From K.C. Geiger Park, turn right onto East Greenville Road for .2 mile. Turn right onto South Main Street and go .6 mile. Turn left onto West Spring Street and then turn right onto North Wayne Street. Turn left onto Jackson Street and in .4 mile continue straight onto OH-703 and drive 1.5 miles. Turn left onto villa Nova Boulevard and go .2 mile. Turn left onto Edgewater Drive and arrive at Grand Lake Saint Marys State Park.

Grand Lake Saint Marys lies along one of the country’s major migration routes. Waterbirds using the lake as a resting stop include Canada geese, ducks, grebes, swans, egrets, loons, herons, cormorants, and ospreys. Many ducks, geese, and heron also nest here. Bald eagles, magnificent birds long absent from the area, have again nested on the southwest corner of the lake at the wildlife refuge. Other animals of the park include fox squirrel, mink, raccoon, beaver, coyote, white-tailed deer and many others.

To reach the East Bank Picnic Area drive east on Edgewater Drive, continue straight onto Parkway Drive and drive .4 mile. Turn right into the East Bank Picnic Area. This picnic area stretches for over a mile along the east bank of the lake providing opportunities to see birds in the picnic area and on the lake.
From Grand Lake Saint Marys State Park website

Saint Marys State Fish Hatchery
Feeder Road
Saint Marys, Ohio 45885

From the East Bank Picnic Area, return to Parkway Drive. Turn right onto OH-364 south and drive 1.4 miles. Turn left onto Feeder Road and arrive at Saint Marys State Fish Hatchery.

There are tips for birding Saint Marys State Fish Hatchery on the Ohio Ornithological Society website.

A primary birding spot in the Grand Lake Saint Marys area is around the State Fish Farm ponds, located at the east end of the lake. The ponds are often drained during late summer or fall, which provides mudflats for migrating shorebirds. In addition, geese, ducks, gulls, and terns all find the area attractive. There is a system of gravel roadways throughout the farm which allows close approaches to many of the ponds.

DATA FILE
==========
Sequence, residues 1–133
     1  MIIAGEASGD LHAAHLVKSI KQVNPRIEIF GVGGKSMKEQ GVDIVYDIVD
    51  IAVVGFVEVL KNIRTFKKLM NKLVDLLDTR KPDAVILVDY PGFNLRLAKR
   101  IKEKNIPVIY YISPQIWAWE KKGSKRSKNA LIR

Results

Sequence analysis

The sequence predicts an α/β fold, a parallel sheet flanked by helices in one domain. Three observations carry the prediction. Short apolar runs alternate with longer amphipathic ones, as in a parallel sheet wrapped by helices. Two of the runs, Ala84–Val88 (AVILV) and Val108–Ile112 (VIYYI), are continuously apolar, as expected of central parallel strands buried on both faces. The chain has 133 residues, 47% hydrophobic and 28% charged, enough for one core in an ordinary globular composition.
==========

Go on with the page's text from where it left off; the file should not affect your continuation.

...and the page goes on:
Bird habitat includes narrow mowed grass strips between ponds, a few larger lawn areas, and the ponds themselves. Gulls, terns, geese, and wading birds are often found on the grassy areas. When ponds are drained in the spring or fall, mudflats can be extensive and attractive to shorebirds and wading birds, but during the summer, this usually results in very brief mudflat habitat before totally drying up. Both diving and puddle ducks can be found on the ponds, depending on peak migration periods. To the east of the fish-rearing ponds are open fields and two large “natural ponds” that are open for hunting during regulated seasons (beware). When hatchery personnel are stocking fish or maintaining ponds, please avoid driving in such areas.

Kuenning-Dicke Natural Area
New Bremen, Ohio 45869

From Saint Marys State Fish Hatchery, turn right onto Greenville Road and go .3 mile. Turn left onto Tri Township Road and drive 1.8 miles. Turn left onto OH-219 east and go 2 miles. Turn right onto OH-66 south and drive 3 miles. Turn left onto Lock 2 Road for .5 miles. Turn right onto Lock 2 North Road and arrive at Kuenning-Dicke Natural Area in .4 mile.

The Kuenning-Dicke Natural Area, located along the historic Miami and Erie Canal between Lock One and the former site of Lock Two, offers 71 acres of wildlife protection and a peaceful site for outdoor recreation. More than 800 trees have been planted in the park to spur the return of native plant and animal species to the area. The KDNA hosts 2.5 miles of trails for walking, running, hiking and biking. A three-acre lake provides ample opportunity for catch-and-release fishing, while the primitive campsite is the perfect resting spot for backpackers and cyclists. The park is also home to several small memorials, honoring American veterans of wars and conflicts.
From Kuenning-Dicke Natural Area webpage